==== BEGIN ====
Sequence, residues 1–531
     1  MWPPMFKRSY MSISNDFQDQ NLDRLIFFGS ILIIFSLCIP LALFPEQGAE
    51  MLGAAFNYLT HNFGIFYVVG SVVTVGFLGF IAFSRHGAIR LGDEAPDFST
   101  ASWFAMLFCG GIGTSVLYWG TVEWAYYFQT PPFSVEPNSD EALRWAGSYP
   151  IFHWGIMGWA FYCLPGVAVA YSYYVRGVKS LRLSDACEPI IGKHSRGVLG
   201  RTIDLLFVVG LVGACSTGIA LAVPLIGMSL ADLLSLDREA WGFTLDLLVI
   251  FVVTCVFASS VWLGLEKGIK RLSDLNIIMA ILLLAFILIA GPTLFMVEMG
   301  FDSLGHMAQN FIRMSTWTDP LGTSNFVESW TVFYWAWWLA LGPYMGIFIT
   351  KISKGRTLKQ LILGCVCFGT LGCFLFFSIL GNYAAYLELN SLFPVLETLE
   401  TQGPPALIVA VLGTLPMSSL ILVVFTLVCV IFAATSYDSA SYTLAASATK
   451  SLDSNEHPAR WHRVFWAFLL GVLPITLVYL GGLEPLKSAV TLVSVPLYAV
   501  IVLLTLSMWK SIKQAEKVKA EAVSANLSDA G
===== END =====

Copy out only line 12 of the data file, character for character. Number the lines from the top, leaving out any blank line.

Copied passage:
   501  IVLLTLSMWK SIKQAEKVKA EAVSANLSDA G